Subrogation is a concept that's well-known in legal and insurance circles but rarely by the customers who employ them. Even if you've never heard the word before, it is in your self-interest to understand the nuances of how it works. The more knowledgeable you are, the better decisions you can make with regard to your insurance policy.
Every insurance policy you own is a commitment that, if something bad occurs, the company that covers the policy will make good in one way or another in a timely manner. If a windstorm damages your house, your property insurance steps in to pay you or pay for the repairs, subject to state property damage laws.
But since determining who is financially responsible for services or repairs is usually a tedious, lengthy affair – and time spent waiting sometimes adds to the damage to the victim – insurance companies often decide to pay up front and figure out the blame after the fact. They then need a mechanism to regain the costs if, when there is time to look at all the facts, they weren't in charge of the payout.
Can You Give an Example?
You arrive at the doctor's office with a sliced-open finger. You hand the receptionist your health insurance card and he writes down your coverage information. You get stitches and your insurer is billed for the expenses. But on the following morning, when you get to your workplace – where the accident occurred – your boss hands you workers compensation forms to turn in. Your company's workers comp policy is in fact responsible for the bill, not your health insurance policy. The latter has an interest in recovering its money somehow.
How Subrogation Works
This is where subrogation comes in. It is the way that an insurance company uses to claim reimbursement after it has paid for something that should have been paid by some other entity. Some insurance firms have in-house property damage lawyers and personal injury attorneys, or a department dedicated to subrogation; others contract with a law firm. Normally, only you can sue for damages done to your person or property. But under subrogation law, your insurer is extended some of your rights for having taken care of the damages. It can go after the money that was originally due to you, because it has covered the amount already.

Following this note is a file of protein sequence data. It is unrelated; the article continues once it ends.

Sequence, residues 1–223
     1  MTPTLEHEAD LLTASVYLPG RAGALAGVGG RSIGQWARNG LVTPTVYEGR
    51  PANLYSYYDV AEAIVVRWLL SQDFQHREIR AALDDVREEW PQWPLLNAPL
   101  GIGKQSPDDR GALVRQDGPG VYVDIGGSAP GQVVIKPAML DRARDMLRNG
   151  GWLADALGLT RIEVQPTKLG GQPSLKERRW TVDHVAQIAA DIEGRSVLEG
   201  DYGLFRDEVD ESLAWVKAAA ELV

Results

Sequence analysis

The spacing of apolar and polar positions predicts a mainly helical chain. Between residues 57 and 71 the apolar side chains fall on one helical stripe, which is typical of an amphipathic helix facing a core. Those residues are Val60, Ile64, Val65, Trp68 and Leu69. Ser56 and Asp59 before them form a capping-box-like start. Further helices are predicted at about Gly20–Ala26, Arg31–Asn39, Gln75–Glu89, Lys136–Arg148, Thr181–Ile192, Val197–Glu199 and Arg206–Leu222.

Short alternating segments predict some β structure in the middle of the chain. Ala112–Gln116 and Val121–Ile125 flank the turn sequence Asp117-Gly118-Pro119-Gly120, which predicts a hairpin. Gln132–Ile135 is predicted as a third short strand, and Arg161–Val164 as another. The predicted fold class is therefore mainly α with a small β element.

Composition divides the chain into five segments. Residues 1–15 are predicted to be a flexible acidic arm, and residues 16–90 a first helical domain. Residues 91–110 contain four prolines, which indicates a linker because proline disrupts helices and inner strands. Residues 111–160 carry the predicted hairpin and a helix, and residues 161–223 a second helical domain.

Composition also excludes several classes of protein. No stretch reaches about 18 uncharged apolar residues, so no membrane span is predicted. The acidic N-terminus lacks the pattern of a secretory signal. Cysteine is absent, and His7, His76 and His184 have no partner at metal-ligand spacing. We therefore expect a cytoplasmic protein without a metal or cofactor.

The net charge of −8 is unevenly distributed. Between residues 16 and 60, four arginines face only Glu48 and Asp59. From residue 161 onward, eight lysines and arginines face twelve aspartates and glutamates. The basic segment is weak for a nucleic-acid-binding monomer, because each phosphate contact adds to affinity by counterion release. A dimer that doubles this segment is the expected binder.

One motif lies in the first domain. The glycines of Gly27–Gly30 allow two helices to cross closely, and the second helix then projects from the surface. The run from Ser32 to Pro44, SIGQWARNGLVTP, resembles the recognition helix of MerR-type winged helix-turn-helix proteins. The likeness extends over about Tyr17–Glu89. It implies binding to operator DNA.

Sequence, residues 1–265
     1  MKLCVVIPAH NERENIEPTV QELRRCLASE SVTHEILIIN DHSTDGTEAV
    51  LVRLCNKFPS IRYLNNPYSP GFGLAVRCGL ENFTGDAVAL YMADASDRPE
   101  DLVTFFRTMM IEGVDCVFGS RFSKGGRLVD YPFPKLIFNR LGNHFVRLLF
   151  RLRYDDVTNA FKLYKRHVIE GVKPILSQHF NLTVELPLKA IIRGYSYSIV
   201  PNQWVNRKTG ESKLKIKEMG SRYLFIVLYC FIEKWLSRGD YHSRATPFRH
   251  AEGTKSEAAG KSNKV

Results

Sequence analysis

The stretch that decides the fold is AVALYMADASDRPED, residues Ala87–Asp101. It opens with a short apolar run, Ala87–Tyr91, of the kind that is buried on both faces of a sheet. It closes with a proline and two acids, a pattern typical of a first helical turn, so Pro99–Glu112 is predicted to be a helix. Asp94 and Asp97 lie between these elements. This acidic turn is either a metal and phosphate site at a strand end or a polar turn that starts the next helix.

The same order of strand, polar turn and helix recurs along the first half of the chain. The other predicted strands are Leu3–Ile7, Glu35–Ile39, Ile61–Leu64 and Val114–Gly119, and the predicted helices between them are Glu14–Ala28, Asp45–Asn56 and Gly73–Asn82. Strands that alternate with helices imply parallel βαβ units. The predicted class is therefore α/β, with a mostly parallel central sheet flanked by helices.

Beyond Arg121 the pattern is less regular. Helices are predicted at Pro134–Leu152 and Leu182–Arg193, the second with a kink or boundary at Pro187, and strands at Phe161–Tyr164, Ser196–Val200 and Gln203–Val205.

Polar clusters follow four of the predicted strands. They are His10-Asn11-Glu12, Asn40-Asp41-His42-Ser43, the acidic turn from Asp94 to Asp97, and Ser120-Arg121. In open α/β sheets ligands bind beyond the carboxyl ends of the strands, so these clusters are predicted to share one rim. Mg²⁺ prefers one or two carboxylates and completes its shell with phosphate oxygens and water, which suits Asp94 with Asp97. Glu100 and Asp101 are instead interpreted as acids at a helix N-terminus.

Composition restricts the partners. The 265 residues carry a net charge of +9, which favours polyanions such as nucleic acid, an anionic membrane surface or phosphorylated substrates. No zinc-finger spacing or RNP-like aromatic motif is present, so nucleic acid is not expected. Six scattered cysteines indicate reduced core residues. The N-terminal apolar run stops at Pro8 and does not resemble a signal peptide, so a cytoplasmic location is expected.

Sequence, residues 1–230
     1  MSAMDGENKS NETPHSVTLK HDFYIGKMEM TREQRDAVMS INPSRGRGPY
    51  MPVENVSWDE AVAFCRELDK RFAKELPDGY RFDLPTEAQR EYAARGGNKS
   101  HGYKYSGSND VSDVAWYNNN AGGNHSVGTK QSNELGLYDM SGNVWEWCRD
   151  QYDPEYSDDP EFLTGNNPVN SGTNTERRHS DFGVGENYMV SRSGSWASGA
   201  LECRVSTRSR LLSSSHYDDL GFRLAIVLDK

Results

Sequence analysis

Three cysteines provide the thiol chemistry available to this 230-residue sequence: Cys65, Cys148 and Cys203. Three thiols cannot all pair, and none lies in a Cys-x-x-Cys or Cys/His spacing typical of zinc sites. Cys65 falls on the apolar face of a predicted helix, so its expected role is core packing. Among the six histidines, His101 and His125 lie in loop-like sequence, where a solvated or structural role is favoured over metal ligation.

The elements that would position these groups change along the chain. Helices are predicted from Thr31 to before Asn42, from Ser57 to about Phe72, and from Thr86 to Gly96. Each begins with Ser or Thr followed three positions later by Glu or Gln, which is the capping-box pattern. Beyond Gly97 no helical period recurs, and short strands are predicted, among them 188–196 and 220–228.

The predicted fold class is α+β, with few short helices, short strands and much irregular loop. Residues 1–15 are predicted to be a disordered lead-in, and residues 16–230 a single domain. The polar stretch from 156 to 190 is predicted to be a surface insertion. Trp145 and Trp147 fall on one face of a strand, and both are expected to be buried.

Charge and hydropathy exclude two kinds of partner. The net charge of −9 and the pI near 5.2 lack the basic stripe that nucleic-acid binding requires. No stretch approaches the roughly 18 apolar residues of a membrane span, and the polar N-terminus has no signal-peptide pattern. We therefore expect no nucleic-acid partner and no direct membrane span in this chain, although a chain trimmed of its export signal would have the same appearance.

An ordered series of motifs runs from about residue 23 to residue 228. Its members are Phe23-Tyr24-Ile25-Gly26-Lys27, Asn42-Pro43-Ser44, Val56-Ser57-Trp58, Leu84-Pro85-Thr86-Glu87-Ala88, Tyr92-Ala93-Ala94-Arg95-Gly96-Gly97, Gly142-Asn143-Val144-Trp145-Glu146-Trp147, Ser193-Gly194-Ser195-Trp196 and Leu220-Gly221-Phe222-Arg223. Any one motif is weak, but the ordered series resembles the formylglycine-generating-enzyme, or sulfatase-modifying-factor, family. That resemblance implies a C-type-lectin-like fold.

How Does This Affect Policyholders?
For one thing, if your insurance policy stipulated a deductible, it wasn't just your insurer who had to pay. In a $10,000 accident with a $1,000 deductible, you have a stake in the outcome as well – namely, $1,000. If your insurer is unconcerned with pursuing subrogation even when it is entitled, it might opt to recover its expenses by increasing your premiums and call it a day. On the other hand, if it has a competent legal team and pursues those cases aggressively, it is acting both in its own interests and in yours. If all ten grand is recovered, you will get your full deductible back. If it recovers half (for instance, in a case where you are found 50 percent at fault), you'll typically get half your deductible back, depending on the laws in your state.
Moreover, if the total price of an accident is over your maximum coverage amount, you could be in for a stiff bill. If your insurance company or its property damage lawyers, such as car accident attorney Middle River MD, successfully press a subrogation case, it will recover your losses in addition to its own.
All insurers are not created equal. When comparing, it's worth weighing the reputations of competing agencies to determine if they pursue valid subrogation claims; if they do so without dragging their feet; if they keep their accountholders advised as the case proceeds; and if they then process successfully won reimbursements right away so that you can get your funding back and move on with your life. If, instead, an insurance firm has a reputation of paying out claims that aren't its responsibility and then covering its profitability by raising your premiums, even attractive rates won't outweigh the eventual headache.